The study was conducted using a subset of the UK Clinical Practice Research Datalink (CPRD), which includes longitudinal observational data from general practitioner (GP) electronic health record systems in primary care practices, including medical diagnoses (using Read codes), referrals to specialists and to secondary care, testing and interventional procedures conducted in primary care, lifestyle information (eg, smoking, exercise) and drugs prescribed in primary care.12 The subset consisted of patients in the CPRD with a link to hospitalisations and outpatient encounters in the Hospital Episode Statistics (HES) dataset.

Until recently (May 2015), the CPRD database also included pseudoanonymised text fields summarising notes entered by the GP or providers during consultations, which were made available to researchers on special request.13 In addition, it is possible to request deidentified secondary care correspondence received by the GPs. These correspondences provide supplemental information regarding the patient’s encounters in secondary care settings such as hospitals.

Sample selection

The population for this pilot study was selected in two steps. In step 1, a cohort of patients with the earliest indication of AD in 2010–2013, who were eligible for linkage to HES and were continuously enrolled in active CPRD practice for ≥12 months before the first AD diagnosis, were selected. Indication of AD was defined as the first Read code or International Classification of Diseases, 10th Edition (ICD-10) code for AD (see online supplementary appendix table 1 for details). Patients were required to have no records with diagnosis of other types of dementia (eg, vascular dementia) between or after the two most recent records indicating AD.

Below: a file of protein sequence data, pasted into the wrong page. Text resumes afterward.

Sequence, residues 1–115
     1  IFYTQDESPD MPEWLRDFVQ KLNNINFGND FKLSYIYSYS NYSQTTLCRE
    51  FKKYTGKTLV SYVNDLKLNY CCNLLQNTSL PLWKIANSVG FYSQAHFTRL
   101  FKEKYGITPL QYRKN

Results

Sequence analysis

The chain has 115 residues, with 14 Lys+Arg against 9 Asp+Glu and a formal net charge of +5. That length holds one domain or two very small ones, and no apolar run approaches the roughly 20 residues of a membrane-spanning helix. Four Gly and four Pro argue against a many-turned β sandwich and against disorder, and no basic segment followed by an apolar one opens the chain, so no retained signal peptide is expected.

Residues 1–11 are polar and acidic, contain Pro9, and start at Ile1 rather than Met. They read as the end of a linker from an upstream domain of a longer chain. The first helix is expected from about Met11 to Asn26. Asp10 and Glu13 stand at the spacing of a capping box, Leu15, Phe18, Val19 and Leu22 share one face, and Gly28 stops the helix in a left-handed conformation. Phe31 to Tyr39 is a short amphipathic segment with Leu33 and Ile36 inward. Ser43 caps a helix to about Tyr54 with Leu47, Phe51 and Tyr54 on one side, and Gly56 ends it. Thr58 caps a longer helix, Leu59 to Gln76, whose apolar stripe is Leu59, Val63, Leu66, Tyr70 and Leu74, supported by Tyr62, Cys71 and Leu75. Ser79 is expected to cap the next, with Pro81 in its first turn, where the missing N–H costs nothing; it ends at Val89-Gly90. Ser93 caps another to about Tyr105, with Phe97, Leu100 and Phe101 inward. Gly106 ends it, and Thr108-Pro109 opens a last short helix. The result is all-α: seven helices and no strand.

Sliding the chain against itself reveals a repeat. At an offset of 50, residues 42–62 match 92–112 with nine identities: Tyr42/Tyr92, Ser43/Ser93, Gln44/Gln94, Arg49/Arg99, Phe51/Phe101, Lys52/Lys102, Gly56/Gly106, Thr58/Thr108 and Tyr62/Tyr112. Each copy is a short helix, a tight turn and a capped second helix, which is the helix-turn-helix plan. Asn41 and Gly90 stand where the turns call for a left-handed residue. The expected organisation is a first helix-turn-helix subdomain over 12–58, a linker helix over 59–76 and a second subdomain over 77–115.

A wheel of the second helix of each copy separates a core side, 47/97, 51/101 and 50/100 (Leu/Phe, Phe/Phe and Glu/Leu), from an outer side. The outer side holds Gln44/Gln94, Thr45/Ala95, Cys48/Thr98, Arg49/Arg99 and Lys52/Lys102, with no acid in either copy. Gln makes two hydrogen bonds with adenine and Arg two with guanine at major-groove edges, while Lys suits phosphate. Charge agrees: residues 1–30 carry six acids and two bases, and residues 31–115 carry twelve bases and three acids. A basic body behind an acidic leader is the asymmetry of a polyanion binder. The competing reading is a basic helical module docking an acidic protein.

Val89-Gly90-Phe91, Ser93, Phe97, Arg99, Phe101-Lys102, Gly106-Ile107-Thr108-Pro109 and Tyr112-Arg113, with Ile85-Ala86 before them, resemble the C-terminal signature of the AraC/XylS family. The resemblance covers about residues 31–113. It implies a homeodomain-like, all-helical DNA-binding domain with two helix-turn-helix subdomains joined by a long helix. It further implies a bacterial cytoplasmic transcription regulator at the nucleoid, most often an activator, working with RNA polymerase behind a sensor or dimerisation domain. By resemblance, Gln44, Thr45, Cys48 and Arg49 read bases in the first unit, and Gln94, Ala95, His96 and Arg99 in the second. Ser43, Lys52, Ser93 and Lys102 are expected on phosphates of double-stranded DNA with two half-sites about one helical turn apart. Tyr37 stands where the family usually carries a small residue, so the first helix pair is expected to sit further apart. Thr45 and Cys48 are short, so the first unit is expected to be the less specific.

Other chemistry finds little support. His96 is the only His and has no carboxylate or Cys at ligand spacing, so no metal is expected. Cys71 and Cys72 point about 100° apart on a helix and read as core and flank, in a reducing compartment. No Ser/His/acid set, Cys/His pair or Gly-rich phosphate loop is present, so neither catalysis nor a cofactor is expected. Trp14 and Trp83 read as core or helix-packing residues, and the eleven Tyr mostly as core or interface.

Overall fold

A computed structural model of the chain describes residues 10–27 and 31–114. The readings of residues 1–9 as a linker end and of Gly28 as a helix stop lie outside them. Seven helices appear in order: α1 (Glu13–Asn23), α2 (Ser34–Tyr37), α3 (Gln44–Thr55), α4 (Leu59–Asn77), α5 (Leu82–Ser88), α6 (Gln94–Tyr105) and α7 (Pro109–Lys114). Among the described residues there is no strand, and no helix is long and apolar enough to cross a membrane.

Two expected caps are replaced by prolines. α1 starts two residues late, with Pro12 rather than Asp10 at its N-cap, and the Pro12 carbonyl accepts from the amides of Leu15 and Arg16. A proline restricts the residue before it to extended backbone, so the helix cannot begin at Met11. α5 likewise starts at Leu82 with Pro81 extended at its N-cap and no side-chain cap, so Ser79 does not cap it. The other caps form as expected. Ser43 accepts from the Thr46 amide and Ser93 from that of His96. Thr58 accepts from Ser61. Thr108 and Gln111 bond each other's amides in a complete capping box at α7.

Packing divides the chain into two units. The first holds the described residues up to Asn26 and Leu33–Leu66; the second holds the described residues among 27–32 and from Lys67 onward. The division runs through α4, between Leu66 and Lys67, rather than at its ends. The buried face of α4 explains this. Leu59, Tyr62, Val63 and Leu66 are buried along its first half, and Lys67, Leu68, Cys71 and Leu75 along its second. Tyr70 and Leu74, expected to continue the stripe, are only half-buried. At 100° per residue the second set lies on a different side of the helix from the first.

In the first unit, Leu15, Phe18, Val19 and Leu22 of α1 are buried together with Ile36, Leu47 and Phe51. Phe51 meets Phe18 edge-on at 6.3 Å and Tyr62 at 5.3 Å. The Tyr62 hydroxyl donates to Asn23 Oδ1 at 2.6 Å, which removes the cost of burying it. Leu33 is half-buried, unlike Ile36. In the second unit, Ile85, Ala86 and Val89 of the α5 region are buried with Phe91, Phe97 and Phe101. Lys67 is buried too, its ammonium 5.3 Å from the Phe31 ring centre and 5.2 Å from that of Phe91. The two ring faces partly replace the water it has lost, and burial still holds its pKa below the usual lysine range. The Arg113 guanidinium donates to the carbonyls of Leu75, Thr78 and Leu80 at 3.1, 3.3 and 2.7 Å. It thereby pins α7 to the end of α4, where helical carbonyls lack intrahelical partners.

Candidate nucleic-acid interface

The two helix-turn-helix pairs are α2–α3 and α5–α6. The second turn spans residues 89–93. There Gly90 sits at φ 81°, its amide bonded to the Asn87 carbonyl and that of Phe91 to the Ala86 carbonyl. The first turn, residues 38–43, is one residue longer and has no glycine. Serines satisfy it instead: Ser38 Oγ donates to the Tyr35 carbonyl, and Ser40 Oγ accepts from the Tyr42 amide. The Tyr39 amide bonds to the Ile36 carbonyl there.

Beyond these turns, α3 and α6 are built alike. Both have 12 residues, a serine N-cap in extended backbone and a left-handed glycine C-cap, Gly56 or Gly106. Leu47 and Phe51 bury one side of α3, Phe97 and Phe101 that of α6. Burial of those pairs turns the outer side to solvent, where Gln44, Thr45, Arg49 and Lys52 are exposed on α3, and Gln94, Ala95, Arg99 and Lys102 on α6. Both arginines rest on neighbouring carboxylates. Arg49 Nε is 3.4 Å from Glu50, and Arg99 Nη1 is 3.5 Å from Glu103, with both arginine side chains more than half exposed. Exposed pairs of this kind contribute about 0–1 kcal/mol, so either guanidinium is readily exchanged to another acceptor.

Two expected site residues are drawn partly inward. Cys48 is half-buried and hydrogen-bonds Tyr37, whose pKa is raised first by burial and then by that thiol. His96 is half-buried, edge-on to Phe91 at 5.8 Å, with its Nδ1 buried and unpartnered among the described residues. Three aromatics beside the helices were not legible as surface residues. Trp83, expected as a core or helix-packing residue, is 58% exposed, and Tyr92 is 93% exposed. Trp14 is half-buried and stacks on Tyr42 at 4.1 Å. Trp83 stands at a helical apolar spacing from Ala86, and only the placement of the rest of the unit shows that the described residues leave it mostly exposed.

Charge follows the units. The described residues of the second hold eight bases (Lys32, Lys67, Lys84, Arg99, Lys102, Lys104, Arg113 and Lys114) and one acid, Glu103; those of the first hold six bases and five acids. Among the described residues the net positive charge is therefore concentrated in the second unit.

Supplementary data

In order to ensure that the cohort of patients with AD had at least one encounter where all data elements, including physician notes and correspondence from secondary care settings, may be available, all patients were required to have ≥1 consultation record with a non-missing, non-zero text identifier and ≥1 HES record or ≥1 referral record indicating a visit to a specialist (eg, psychiatrist, neurologist, geriatrician) in the 3 years prior to the first AD diagnosis.

To facilitate detailed examination of linked free-text information, a sample of 50 patients was randomly drawn (using a computer-generated randomisation algorithm) from the cohort meeting the criteria in step 1 for further analysis. In particular, using the SAS software, all patients were assigned a random number. Following this, the first 50 patients with the smallest values for the randomly assigned numbers were selected from the dataset. A random sampling approach was used to increase the likelihood that the subsample selected was representative of the overall cohort identified in step 1.

Development of the code-based algorithm

Earliest indications of symptoms of cognitive decline (eg, ‘memory loss symptom’), cognitive assessment (for either screening or diagnosis) and AD diagnosis were identified using two parallel approaches. In the first approach, the Read codes, ICD-10 codes and prescription medications indicated to treat AD (ie, cholinesterase inhibitors and memantine) found in the structured part of CPRD from up to 3 years prior to the AD diagnosis were reviewed and categorised into an algorithm to establish first observed dates of the three key time points in the pathway of progression from the onset of symptoms to AD diagnosis.

In the second approach, in addition to the diagnosis codes, a targeted search of the pseudoanonymised text data and additional correspondence provided by the GPs was conducted to identify key phrases suggestive of the earliest markers of symptoms related to cognitive impairment (eg, ‘memory loss’, ‘cognitive impairment’, ‘confusion’, etc, and their variants), cognitive assessments (eg, ‘GPCOG’, ‘MMSE’, ‘MOCA’, ‘mini-mental’, etc, and their variants) and AD diagnosis (see online supplementary appendix table 2 for a list of all phrases identified from this process). The targeted search was conducted by two independent reviewers to account for any subjective interpretation of the free text.